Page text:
Onzo is coming. 2 million pounds sterling start-up funds for Onzo have been secured in a deal with Scottish and Southern Energy (SSE). Can this device live up to the great design promises that are being made for it?
With a market release planned for summer 2008, Onzo promises an energy meter which is:
- providing real-time feedback on energy use, which studies show results in energy use decreases up to 26%;
- interactive, sharing information with your computer to allow comparing performance with others and analysis of energy usage down to the appliance level;
- designed for dissassembly, which Onzo will do as part of their take-back program;
- forward compatible = built for upgrades, so that improvements do not obsolete previously purchased devices;
- incorporating recycled materials as much as possible; and
- operating battery-free.
Chief executive Joel Hagan says that the algorithms differentiate the Onzo from other meters on the market, resulting in bettter management of energy budgeting. Onzo will give feedback in energy, carbon footprint or financial terms.
Onzo's name has also hit the news for fighting the UK government plan to require suppliers issue cheap clip-on energy meters to power consumers. SSE is behind the financing because they hope to find a marketing advantage by giving their customers the Onzo as a more powerful tool for power management.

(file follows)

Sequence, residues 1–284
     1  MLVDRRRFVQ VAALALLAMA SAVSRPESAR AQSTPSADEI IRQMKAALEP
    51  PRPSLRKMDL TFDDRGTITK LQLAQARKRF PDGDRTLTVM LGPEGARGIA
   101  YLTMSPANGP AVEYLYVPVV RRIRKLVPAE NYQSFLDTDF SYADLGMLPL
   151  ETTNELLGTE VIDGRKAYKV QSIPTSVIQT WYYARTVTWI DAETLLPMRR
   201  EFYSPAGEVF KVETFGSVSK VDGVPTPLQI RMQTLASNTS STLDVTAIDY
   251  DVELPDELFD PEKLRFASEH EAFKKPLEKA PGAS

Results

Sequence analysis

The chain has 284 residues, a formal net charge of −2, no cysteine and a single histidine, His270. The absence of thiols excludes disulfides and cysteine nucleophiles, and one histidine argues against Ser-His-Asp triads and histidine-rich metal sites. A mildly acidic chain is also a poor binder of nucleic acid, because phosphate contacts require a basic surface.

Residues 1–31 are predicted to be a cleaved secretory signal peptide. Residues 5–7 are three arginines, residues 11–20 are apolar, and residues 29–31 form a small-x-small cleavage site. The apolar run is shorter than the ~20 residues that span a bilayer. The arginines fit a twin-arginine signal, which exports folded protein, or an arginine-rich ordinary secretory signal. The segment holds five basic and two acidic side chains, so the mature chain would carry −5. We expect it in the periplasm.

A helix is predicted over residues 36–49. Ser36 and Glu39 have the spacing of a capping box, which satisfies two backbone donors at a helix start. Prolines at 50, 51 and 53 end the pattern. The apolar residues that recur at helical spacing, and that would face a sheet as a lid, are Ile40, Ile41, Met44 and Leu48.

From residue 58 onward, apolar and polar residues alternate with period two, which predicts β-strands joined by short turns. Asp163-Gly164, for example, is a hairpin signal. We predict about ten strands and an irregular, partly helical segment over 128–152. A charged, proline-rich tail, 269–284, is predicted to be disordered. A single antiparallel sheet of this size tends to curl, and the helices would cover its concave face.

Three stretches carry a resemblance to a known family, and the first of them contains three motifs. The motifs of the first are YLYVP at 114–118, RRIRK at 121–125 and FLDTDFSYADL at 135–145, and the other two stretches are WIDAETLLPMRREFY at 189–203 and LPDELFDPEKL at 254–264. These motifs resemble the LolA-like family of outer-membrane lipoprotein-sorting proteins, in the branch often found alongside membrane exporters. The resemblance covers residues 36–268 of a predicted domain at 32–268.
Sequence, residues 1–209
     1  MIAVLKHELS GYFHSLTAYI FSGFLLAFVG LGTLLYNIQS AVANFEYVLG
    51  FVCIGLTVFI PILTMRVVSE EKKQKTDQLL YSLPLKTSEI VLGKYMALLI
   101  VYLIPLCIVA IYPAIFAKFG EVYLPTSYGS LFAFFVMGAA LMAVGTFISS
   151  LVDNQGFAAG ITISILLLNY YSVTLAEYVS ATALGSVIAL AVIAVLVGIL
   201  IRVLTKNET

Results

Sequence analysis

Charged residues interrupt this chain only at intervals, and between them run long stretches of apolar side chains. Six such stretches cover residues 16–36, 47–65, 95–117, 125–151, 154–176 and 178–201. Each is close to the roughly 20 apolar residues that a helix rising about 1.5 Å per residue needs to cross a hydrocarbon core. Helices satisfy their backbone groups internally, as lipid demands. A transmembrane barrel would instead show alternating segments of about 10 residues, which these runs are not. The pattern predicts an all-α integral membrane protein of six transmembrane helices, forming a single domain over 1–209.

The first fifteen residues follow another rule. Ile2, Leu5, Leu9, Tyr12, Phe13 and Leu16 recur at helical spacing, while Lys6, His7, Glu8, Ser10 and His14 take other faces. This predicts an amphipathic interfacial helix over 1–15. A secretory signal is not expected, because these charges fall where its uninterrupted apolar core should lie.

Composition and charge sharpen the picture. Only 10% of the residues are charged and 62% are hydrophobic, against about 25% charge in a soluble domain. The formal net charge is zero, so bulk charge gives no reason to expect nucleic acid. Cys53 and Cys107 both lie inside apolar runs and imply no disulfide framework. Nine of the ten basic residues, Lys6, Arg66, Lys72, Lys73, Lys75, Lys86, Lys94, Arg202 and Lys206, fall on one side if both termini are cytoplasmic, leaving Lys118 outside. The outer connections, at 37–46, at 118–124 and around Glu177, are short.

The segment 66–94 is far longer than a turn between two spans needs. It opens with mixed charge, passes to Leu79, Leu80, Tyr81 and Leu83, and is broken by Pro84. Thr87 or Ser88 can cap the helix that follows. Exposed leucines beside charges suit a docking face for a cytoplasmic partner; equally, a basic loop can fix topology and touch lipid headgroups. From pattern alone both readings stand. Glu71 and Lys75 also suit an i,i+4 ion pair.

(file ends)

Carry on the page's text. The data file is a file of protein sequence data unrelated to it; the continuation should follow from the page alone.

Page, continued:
Is it coincidence that the Onzo adheres to modern design and sustainability principles? Onzo, the company, has grown out of a recent conceptualization of office space called the HUB. The idea is to get people out of their bedrooms and into a community where they can meet colleagues at the water cooler or pause to exchange ideas over a cup of coffee. Although the Hub focuses on the entrepreneurial benefits, this sort of office space is also heralded as a new model for the tele-commuting worker, an emerging trend referred to as hotelling, hot-desking, coworking or "labor unions".
Via ::The Ode (pdf)